Have you looked into Stickler's or Hemifacial Microsomia? Or CHARGE? Those are other syndromes that come to mind that have facial asymmetry. It's been a while since I've research those, though.

22q has HUGE variability in its presentation, for example Connor has no cardiac involvement (a minor murmur found at 11 months), never had hypocalcemia (that we know of, although we didn't test for it until his diagnosis at 11 months, and sometimes they grow out of that).
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Megans diagnosis is a CLINICAL diagnosis of VCFS (same a DiGeoge - normally a 22Q deletion) Her test has come back negative twice - they didn't belive it the first time. Her heart defect is minor (arotic stenosis at 1 year of age and is now withing proper tolerances) so it has corrected itself. Megan though had mild PRS as an infant and has the more severe form of submucus cleft palate (grade 2 full cleft soft palate and grade 2 submucus cleft of the hard palate) she also has hypertolism, mild hypotonia and mild immune deficency. Megans ears are a little "odd" but not quite typical for VCFS - as she gets older they are starting to cup out a little. She was a little delayed in gross motor, and very delayed in speech(still is as far as articulation -even 9 months post surgury). Her fine motor and cognative are at or above average. I think that as genetic technology gets more advanced they will find other genetic deletions/duplications ect that mimic 22qdel and I firmly belive that they should still allow for a clinical diagnosis of the syndrome even without a positive genetic test. There are many doctors - and parents groups that I've found will not accept a clinical diagnosis - this is frustrating on the part of the parents because we could gain so much knowlege from others with the same symptoms. Especially when this syndrome is treated by treating the symptoms and complications.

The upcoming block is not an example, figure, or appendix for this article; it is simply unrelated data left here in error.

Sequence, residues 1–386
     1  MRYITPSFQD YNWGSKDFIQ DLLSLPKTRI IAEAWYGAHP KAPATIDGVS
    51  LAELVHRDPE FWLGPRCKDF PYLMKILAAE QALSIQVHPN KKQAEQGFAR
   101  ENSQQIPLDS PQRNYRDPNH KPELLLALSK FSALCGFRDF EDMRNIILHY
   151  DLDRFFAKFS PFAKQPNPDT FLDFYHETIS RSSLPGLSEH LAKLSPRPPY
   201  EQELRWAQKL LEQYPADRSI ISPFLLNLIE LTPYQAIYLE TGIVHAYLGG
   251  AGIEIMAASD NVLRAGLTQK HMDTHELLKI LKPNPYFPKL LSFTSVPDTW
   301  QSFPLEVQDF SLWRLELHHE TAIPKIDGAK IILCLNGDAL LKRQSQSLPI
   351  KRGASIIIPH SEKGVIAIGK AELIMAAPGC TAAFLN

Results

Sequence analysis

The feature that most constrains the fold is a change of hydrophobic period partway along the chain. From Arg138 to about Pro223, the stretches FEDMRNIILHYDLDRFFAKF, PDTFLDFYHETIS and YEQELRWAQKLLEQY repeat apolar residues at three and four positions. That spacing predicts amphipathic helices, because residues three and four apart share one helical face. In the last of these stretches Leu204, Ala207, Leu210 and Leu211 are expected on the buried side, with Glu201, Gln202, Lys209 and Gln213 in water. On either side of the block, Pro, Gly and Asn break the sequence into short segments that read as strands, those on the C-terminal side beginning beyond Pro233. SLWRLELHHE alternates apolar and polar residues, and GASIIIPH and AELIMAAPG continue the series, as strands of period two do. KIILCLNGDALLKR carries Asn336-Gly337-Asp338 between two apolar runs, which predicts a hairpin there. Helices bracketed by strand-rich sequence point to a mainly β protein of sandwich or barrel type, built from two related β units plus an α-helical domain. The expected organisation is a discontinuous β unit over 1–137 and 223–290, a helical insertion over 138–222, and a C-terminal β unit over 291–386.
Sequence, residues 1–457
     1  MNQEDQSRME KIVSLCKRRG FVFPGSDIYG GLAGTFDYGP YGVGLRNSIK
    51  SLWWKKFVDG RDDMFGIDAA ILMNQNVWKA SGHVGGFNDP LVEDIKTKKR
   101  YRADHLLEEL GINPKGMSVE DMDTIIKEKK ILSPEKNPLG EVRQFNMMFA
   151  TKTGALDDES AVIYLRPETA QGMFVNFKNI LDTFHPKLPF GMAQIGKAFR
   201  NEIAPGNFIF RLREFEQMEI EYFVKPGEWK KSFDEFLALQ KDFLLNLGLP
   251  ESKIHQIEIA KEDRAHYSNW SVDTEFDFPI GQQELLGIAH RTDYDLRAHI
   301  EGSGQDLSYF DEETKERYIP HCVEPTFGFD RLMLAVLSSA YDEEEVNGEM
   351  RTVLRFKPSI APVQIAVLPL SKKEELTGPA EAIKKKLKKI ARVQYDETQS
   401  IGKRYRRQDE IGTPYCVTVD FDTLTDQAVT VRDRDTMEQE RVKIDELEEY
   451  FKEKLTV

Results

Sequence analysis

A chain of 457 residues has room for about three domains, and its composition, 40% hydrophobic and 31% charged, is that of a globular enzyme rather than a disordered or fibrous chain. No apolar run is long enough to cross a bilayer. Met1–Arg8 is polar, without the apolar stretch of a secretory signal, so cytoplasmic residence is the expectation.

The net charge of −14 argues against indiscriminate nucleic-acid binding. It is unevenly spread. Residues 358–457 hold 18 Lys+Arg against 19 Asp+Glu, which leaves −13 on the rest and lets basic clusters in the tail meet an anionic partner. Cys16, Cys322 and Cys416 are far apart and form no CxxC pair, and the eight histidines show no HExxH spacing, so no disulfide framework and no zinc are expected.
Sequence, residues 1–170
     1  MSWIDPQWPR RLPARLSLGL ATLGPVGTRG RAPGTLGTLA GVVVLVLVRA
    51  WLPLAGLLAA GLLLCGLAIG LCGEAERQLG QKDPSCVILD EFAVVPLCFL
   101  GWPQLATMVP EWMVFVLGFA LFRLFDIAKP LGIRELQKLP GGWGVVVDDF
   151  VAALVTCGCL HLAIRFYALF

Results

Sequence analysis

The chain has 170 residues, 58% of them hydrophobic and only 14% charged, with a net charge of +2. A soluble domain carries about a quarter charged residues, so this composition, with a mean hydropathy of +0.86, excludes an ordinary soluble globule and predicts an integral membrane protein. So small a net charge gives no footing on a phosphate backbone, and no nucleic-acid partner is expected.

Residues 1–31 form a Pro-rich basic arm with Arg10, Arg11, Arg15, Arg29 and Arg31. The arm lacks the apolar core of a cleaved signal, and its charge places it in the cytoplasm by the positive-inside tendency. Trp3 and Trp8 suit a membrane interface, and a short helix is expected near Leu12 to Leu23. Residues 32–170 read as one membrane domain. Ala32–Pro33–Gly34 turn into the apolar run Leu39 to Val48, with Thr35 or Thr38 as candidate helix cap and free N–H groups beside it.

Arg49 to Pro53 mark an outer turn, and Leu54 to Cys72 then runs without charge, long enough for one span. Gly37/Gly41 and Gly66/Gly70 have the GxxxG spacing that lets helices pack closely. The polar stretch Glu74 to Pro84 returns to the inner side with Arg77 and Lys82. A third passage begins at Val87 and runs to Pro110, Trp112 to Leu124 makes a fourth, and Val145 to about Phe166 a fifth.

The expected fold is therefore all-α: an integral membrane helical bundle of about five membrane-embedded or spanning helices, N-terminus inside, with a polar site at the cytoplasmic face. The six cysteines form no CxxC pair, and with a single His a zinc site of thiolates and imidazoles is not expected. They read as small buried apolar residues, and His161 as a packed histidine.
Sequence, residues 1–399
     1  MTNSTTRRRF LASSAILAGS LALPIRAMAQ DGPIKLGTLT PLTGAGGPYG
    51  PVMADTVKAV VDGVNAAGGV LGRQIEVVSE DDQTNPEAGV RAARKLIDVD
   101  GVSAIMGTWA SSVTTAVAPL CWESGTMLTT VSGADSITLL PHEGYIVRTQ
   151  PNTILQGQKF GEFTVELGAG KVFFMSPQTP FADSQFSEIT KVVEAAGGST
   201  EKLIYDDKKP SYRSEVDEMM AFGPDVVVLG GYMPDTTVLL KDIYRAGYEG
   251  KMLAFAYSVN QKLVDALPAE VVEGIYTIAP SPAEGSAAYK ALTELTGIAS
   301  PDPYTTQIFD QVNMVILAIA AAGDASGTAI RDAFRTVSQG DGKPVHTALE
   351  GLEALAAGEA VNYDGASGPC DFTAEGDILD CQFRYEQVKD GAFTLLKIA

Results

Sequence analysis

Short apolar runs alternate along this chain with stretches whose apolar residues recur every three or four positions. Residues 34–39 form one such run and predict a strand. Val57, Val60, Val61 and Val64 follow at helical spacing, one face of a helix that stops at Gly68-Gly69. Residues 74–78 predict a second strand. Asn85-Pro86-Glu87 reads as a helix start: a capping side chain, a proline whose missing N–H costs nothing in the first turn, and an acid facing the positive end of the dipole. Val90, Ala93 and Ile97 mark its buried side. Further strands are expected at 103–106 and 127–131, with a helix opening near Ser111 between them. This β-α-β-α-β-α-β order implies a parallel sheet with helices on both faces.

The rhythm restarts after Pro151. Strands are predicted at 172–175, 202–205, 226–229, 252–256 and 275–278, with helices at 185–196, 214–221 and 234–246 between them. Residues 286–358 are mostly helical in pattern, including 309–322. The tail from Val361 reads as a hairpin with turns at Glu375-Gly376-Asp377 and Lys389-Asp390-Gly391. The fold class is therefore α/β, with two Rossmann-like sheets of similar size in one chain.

This is going to sound like a silly question - but by any chance does your DD have blond hair and blue eyes - this seems to be very common in VCFS kids - my dd is and I personally know of 3 others - and 2 come from familys with darker hair and eyes
Well, you know what Connor looks like...light hair (not quite blonde) and BLUE BLUE eyes, but that comes from me. I know two other 22q kids locally, one is black, one is Lebanese. Both look like their parents, no more fair. All the "official" research claims that heritage means nothing for increasing the chances of the deletion, and that you can be of any race and have it, but I wonder if they'll eventually find that it's more common with certain gene combinations (i.e. if a child picks up a recessive light-skinned gene from both parents, are they more likely to pick up an instability on the 22nd chromosome??) Having said that, though, Connor looks just like my older son, and although we haven't tested our older son, there's no signs of any issues that would prompt us to test.

I'm pretty sure I"m going to have this new baby tested right away, though, because I don't think I'll be calm enough to sleep deeply until I know he's healthy. Connor's newborn stage and infant months were so hard on me, I want to have a picture of this baby's complete chromosomes as soon as possible.

Mommy to BigBoy Ian (3-17-05) ; LittleBoy Connor (3-3-07) (DiGeorge/VCFS):; BabyBoy Gavin (10-3-09) x3 AngelBaby (1-7-06)
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#26 of 87 Old 08-29-2009, 01:53 AM
 
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Originally Posted by 2boyzmama View Post